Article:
Transterrestrial Musings  

Amazon Honor System Click Here to Pay

Alan Boyle (MSNBC)
Space Politics (Jeff Foust)
Space Transport News (Clark Lindsey)
NASA Watch
NASA Space Flight
Hobby Space
A Voyage To Arcturus (Jay Manifold)
Dispatches From The Final Frontier (Michael Belfiore)
Personal Spaceflight (Jeff Foust)
Mars Blog
The Flame Trench (Florida Today)
Space Cynic
Rocket Forge (Michael Mealing)
COTS Watch (Michael Mealing)
Curmudgeon's Corner (Mark Whittington)
Selenian Boondocks
Tales of the Heliosphere
Out Of The Cradle
Space For Commerce (Brian Dunbar)
True Anomaly
Kevin Parkin
The Speculist (Phil Bowermaster)
Spacecraft (Chris Hall)
Space Pragmatism (Dan Schrimpsher)
Eternal Golden Braid (Fred Kiesche)
Carried Away (Dan Schmelzer)
Laughing Wolf (C. Blake Powers)
Chair Force Engineer (Air Force Procurement)
Saturn Follies
JesusPhreaks (Scott Bell)
The Ombudsgod
Cut On The Bias (Susanna Cornett)
Joanne Jacobs

Site designed by

Powered by
Movable Type
Biting Commentary about Infinity, and Beyond!

« Hearing Report | Main | Holding Back Progress »

Elephant Sandwich

Howard Lovy has a scary little email exchange about progress in molecular manufacturing.

Posted by Rand Simberg at October 29, 2003 08:13 AM
TrackBack URL for this entry:

Listed below are links to weblogs that reference this post from Transterrestrial Musings.

This is just another thought that supports my conviction that attaining supremacy in nano-technology should be a very high priority for the United States. It is simply too critical to let slide. Were another power to beat us to it, it almost definitely would be catastrophic.

Posted by Chaos Overlord at October 29, 2003 09:02 AM

EXACTLY! This is why the Luddites have it backwards. This should be a mega-priority or we could all be toast if someone else comes up with it first. Imagine Al-Qaeda with nanites and US with no nanite defenses!

On the plus side, immortality is getting closer and closer! We're making WAY faster progress on both fronts than I had expected even a year ago!

Posted by Janessa Ravenwood at October 29, 2003 10:21 AM

My paranoid fantasy is a group of young scientist huddle around a petri dish watching a diamond grow, unaware that replication errors are turning things into the grey goo nightmare scenario!

Then I wake up realizing that the energy and control requirements along with the generated heat of any mechanical design would destroy the process long before anything useful or dangerous could be produced.

Then I go back to bed and new dreams of biological designs keep me from getting any rest.

So I have a Pan Galactic Gargle Blaster! and dream like a baby...

Posted by at October 30, 2003 04:37 AM

Anon: are you saying you don't believe ANY nanotechnology is possible, or just that scenario?

Posted by Janessa Ravenwood at October 30, 2003 09:53 AM

Anonymous #3 poster, it's interesting that you distinguish between nanotech -- which you regard as impossible for fundamental energistic and other physical reasons -- and biology... which is very clearly functioning nicely, thank you, at the same size scale.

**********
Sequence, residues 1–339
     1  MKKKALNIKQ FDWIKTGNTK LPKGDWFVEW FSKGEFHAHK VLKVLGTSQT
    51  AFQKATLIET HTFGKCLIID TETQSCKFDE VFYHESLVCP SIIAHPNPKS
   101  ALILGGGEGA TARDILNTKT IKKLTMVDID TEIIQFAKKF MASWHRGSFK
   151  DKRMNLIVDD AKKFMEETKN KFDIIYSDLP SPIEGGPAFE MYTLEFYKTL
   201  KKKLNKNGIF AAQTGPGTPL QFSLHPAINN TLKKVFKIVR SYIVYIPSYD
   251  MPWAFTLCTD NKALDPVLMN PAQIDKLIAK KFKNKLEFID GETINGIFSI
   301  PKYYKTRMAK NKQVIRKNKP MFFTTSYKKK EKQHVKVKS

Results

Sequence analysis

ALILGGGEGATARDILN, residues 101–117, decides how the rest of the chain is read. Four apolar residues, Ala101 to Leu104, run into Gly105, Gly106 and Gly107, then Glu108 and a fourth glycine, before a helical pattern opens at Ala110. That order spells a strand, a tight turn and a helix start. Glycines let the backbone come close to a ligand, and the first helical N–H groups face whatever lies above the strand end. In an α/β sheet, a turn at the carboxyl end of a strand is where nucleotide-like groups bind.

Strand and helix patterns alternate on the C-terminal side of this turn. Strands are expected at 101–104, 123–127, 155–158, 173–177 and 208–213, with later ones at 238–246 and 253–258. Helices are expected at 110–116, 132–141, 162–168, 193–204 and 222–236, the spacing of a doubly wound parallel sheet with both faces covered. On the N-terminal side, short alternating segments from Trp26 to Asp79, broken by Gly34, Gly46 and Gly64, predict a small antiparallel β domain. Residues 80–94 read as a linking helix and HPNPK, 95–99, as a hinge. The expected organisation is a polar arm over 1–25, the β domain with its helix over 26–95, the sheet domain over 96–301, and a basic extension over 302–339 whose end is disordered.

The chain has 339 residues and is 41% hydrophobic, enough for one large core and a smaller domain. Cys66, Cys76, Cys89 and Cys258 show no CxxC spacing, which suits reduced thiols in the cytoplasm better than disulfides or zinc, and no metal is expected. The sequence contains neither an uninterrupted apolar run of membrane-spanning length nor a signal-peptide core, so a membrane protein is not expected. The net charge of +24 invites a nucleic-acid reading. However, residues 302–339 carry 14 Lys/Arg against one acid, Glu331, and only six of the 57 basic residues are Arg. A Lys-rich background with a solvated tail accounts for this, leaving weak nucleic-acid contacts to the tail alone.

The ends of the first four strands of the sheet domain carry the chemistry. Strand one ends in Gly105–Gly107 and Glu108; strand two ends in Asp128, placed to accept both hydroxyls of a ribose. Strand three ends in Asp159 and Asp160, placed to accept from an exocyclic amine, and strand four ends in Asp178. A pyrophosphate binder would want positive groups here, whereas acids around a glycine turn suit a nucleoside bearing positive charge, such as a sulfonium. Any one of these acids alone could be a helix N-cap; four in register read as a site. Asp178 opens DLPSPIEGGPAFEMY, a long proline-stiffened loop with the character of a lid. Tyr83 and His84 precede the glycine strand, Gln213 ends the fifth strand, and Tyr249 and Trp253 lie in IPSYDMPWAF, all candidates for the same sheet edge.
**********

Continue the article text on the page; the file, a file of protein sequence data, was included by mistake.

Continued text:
Eric Drexler, among others, long ago used biological examples to demonstrate that nanoscale machinery was possible. Did you fail to do your research, or are you trolling?

Posted by Troy at October 30, 2003 11:42 AM

Troy: you beat me to it. I was going to point out that DNA IS nanotechnology, but I was waiting to hear his answer first as I wasn't certain if he was referring to some specific early prototype nanotech or something.

Posted by Janessa Ravenwood at October 30, 2003 03:20 PM

I think people tend to think of MNT as "magic" rather than applied engineering. I don't expect it to be fast, after all, beef doesn't grow over night - but it will be cheap and accurate - it could certainly be a boon for various industries.

I am keep a close eye on this as it looks like the next big market to get into.

Posted by Dave at October 31, 2003 08:13 AM

Dave: It won't be THAT slow. Just because cows don't grow fast doesn't mean that other creatures don't, or that it can't be done. It may not be "hollywood fast", but it'll be WAY faster than the time it takes a cow to grow up (at least when it's mature, at first, well, who knows...)

Posted by Janessa Ravenwood at October 31, 2003 10:59 AM

The nanofactory discussed in Rand's link is estimated to output a 4 kg, mostly-diamondoid product in about 3 hours, with a power input of some 200 kW. Granted that this is just an estimate (based on further estimates, since the mechanochemical fabricator isn't yet designed), the numbers are nonetheless believable.

Part of the reason for this believability is the detailed method of construction: the finished product is assembled in 19 nested steps, bottom-up, from a very large number of 200-nm parts; virtually all the time is spent making these billion-atom parts, while the iterative assembly of the parts takes only seconds to minutes. This is entirely consistent with biological assembly, where cells a hundred times this size have "manufacturing" times much smaller.

Another way of looking at it: point out the animal which uses a 200 kW power input, and I'll show you one with amazing growth rates!

Posted by Troy at October 31, 2003 06:38 PM

Post a comment

Email Address: